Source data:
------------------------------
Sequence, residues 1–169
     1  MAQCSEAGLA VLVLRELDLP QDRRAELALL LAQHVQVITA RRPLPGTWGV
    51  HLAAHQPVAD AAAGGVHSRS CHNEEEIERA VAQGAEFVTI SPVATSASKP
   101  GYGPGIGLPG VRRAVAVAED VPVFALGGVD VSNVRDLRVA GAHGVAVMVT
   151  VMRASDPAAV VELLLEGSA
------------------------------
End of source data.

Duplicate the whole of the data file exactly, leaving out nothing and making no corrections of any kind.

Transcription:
Sequence, residues 1–169
     1  MAQCSEAGLA VLVLRELDLP QDRRAELALL LAQHVQVITA RRPLPGTWGV
    51  HLAAHQPVAD AAAGGVHSRS CHNEEEIERA VAQGAEFVTI SPVATSASKP
   101  GYGPGIGLPG VRRAVAVAED VPVFALGGVD VSNVRDLRVA GAHGVAVMVT
   151  VMRASDPAAV VELLLEGSA